Houthi Leader Claims 153 Ship Attacks in 7 Months

Houthi footage shows the moment of attacking the sunken Greek ship “M/V Tutor” in the Red Sea (Reuters)
Houthi footage shows the moment of attacking the sunken Greek ship “M/V Tutor” in the Red Sea (Reuters)
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Houthi Leader Claims 153 Ship Attacks in 7 Months

Houthi footage shows the moment of attacking the sunken Greek ship “M/V Tutor” in the Red Sea (Reuters)
Houthi footage shows the moment of attacking the sunken Greek ship “M/V Tutor” in the Red Sea (Reuters)

Abdul-Malik al-Houthi, leader of Yemen’s Iran-aligned Houthi group, has asserted responsibility for targeting 153 ships in a heightened maritime campaign supposedly in solidarity with Palestinians in Gaza.
This escalation coincides with ongoing US-led efforts to protect shipping lanes in the Red Sea and Gulf of Aden.
Since November 19, the Houthis have conducted attacks in the Red Sea, Gulf of Aden, and Indian Ocean, aiming to disrupt Israeli-linked and other vessels, including those from the US and UK.
They recently expanded their operations to the Mediterranean, claiming strikes on Israeli ports in collaboration with Iran-backed Iraqi groups.
The surge in attacks raises concerns about the security of crucial international sea routes, prompting increased measures by the US and its allies to safeguard maritime traffic.
On June 19, American forces announced that they have destroyed two Houthi sites in Yemen following a spate of ship attacks by the Iran-backed group.
“USCENTCOM forces successfully destroyed one ground control station and one command-and-control node,” in a Houthi area of Yemen, the military command announced on X.
CENTCOM also took out two Houthi “uncrewed surface vessels (USV) in the Red Sea” within the last 24 hours.
Houthi Leader Threatens More Attacks, Claims Targeting Ships
Al-Houthi pledged more attacks in his weekly address on Thursday, and boasted about the targeting of 153 ships linked to Israel, the US, and Britain.
He asserted his forces hit the aircraft carrier “Eisenhower” with missiles for the third time in the northern Red Sea.
In the past week, al-Houthi claimed responsibility for 10 attacks using 26 ballistic and unmanned missiles, including one where his fighters boarded the M/V Tutor ship, rigged it with explosives, and detonated it after striking it with a USV.
Western maritime sources confirmed on Wednesday that the Greek M/V Tutor sank in the Red Sea a week after a Houthi attack. This incident follows the sinking of the British ship “Rubymar” due to similar attacks.
Concerns are now focused on the Ukrainian ship M/V Verbena, whose crew abandoned it in the Gulf of Aden after failing to extinguish a fire caused by another Houthi attack earlier this month.
In other developments, the Houthis admitted on Wednesday to airstrikes they described as “American-British,” targeting the Taif area in Al Durayhimi district south of Hodeidah.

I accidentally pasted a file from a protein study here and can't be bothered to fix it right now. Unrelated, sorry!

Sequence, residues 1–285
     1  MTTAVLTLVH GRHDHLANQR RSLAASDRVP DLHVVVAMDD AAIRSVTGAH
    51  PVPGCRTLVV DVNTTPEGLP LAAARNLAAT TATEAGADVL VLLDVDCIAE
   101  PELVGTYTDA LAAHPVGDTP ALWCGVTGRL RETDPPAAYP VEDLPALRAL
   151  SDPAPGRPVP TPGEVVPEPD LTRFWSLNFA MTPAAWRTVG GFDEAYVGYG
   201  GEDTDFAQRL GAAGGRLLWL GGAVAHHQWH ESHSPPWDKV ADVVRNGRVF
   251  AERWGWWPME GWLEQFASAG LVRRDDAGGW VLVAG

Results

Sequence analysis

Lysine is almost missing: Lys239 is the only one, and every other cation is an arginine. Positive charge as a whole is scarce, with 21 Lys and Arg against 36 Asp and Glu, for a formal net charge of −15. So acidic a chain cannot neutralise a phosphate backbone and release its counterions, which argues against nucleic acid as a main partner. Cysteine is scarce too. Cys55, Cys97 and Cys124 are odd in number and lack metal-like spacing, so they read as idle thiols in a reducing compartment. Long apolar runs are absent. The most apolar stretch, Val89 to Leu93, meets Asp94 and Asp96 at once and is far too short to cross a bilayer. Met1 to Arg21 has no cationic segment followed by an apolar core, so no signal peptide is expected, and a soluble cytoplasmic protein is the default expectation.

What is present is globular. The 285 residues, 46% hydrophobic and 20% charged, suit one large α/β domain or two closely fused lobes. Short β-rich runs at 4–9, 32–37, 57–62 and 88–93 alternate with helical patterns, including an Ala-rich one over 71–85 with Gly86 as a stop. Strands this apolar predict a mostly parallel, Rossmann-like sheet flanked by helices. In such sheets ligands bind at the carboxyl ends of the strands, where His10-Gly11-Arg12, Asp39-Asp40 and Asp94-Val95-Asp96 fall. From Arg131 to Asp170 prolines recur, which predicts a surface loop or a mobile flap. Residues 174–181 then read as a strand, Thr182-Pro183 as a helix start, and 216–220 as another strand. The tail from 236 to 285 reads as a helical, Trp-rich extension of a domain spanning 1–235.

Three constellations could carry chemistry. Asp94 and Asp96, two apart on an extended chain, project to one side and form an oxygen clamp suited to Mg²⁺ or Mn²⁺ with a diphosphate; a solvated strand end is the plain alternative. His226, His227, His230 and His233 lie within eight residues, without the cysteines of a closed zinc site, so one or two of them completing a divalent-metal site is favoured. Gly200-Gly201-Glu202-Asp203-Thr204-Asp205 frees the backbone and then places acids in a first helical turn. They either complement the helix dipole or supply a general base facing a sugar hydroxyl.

They later acknowledged another strike in the Salif district on Thursday, bringing the total airstrikes over the past 10 days to 30, mostly hitting locations in and around Hodeidah.
Since January 12, US and British airstrikes against the Houthis have exceeded 500, resulting in the deaths of 58 individuals and injuries to 86 others, according to Houthi statements.



Sudan's RSF Agrees with UN on Steps to Ease Aid Delivery

Sudanese farmers plow a field on the outskirts of Sudan's eastern city of Gedaref on July 18, 2024. (Photo by AFP)
Sudanese farmers plow a field on the outskirts of Sudan's eastern city of Gedaref on July 18, 2024. (Photo by AFP)
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Sudan's RSF Agrees with UN on Steps to Ease Aid Delivery

Sudanese farmers plow a field on the outskirts of Sudan's eastern city of Gedaref on July 18, 2024. (Photo by AFP)
Sudanese farmers plow a field on the outskirts of Sudan's eastern city of Gedaref on July 18, 2024. (Photo by AFP)

Sudan's Rapid Support Forces agreed with the United Nations on some steps to ease aid delivery in areas under its control, a member of the RSF told Reuters on Thursday.

The Sudanese army has not reached any understandings on aid delivers with the RSF, he added. It is unclear if these steps could be implemented without the army's participation.

Meanwhile, a key supply route into Sudan's Darfur region, deemed at risk of famine by a global monitor, has been cut off due to heavy rains, a World Food Program official told Reuters on Thursday.
The UN agency has described Sudan as the world's biggest hunger crisis, with the western Darfur region most at risk as Sudan's 15-month civil war that has displaced millions and sparked ethnic violence grinds on.
WFP's Country Director Eddie Rowe said thousands of tons of aid are stranded at the Tina crossing on the Chad border, prompting the body to reopen talks with the army-aligned government to open an alternative, all-weather crossing further south called Adre.
"You have these huge rivers. As I speak now, our convoy, which is supposed to move over 2000 metric tons is stranded," he told Reuters from Port Sudan. Asked on the status of the talks that resumed this week, he said: "It's 50/50.”
WFP is now seeking clearances to move a large 70-truck convoy via a little-used, over 1000 kilometer route from Port Sudan to Darfur which Rowe said will involve crossing the battle lines of both the Sudan Armed Forces, the Rapid Support Forces and various militias.
He added that this mostly desert route has worked in the past but outside of the rainy season and that the last journey took weeks and was "fraught with a lot of challenges.”
In a separate interview, Mona Rishmawi, a member of the UN Fact-Finding Mission on Sudan, told Reuters that she had met Darfur refugees in Chad who told her stories of escaping with virtually no water and eating grass along the route. "There's no doubt that people are starving," she said.